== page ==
Sermon for Sunday December 27th, 2015, the Festival of St. John the Apostle and Evangelist

The Lessons: Exodus 33:18-23, 1 John 1:1-9, John 21:19b-24

The Text: 1 John 1:1-9 Theme: The authentic Christian life


One day, missionary Amy Carmichael, who devoted her life to rescuing girls who had been dedicated to a life of slavery and shame in Indian Hindu temples, took some of her children to see a goldsmith refining gold in the ancient manner of the Orient. The man sat beside a small charcoal fire. On top of the coals lay a common red curved roof-tile, and another tile over it like a lid. This was his homemade crucible. The man had a mixture of tamarind fruit, salt, and burnt brick dust which he called his “medicine” for purifying the gold. He dropped a lump of ore into the blistering mixture and let the fire “eat it.” After a while, the man lifted the gold out with a pair of tongs, let it cool, and studied it. Then he replaced the gold in the crucible and blew the fire hotter than it was before. The process went on and on, the fire growing hotter and hotter. “The gold could not bear it so hot at first,” explained the goldsmith, “but it can bear it now; what would have destroyed it helped it.”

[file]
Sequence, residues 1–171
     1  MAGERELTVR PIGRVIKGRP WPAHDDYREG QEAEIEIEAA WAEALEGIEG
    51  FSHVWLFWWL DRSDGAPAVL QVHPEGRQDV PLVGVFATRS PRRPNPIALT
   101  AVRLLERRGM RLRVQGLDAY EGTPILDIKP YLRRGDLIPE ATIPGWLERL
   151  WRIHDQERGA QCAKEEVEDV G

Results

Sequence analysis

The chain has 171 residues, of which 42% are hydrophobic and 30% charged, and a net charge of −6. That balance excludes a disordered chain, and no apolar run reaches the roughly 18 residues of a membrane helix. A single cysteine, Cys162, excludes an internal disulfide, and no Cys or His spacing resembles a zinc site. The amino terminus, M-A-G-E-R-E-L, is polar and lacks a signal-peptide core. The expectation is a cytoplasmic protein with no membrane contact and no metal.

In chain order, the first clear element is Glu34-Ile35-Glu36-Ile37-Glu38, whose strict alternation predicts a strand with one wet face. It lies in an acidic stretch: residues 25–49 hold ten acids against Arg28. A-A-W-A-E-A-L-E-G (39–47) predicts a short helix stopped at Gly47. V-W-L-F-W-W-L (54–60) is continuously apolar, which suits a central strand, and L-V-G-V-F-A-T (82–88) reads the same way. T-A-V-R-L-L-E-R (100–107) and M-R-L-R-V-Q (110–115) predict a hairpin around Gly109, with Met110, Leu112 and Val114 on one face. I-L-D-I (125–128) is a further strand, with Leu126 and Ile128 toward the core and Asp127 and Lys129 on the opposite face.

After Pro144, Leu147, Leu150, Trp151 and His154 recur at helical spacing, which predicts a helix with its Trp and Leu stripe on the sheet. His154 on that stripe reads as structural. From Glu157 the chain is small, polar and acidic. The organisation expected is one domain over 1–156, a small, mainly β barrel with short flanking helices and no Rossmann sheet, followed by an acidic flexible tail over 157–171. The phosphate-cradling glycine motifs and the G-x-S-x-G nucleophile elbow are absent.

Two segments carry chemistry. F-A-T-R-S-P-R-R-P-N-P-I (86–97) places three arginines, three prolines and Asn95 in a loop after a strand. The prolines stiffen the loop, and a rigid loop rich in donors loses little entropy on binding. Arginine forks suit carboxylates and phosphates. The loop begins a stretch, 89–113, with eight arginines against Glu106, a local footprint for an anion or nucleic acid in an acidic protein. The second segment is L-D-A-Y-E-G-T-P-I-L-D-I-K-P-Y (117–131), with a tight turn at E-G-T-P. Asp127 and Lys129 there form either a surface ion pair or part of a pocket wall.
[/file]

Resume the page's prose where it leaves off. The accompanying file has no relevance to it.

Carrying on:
As the children watched the gold being purified in the fire, someone asked the man, “How do you know when the gold is purified?”

The man’s answer: “When I can see my face in it [the liquid gold in the crucible], then it is pure.”

(p. 106, Robert J. Morgan: Preacher’s Sourcebook of Creative Sermon Illustrations, 2007)

Our Epistle Lesson today brings home the truth St. John proclaimed, that Christians must reflect the righteous character and nature of God by living in obedience to Him.

St. John the Apostle and Evangelist is the saint whose life and witness we celebrate today. The Lord Jesus Christ’s words to St. Peter, as St. John recorded them in the Gospel according to St. John, chapter 21, verse 22, implied that St. John would live a long life on earth. The tradition of the Church holds that St. John the Apostle did indeed live a long life, and ministered to the church in Ephesus, and to churches in Asia Minor. Because there is uncertainty about whether St. John died a martyr’s death, the liturgical color for his festival is white, rather than red, as it is for the other Apostles.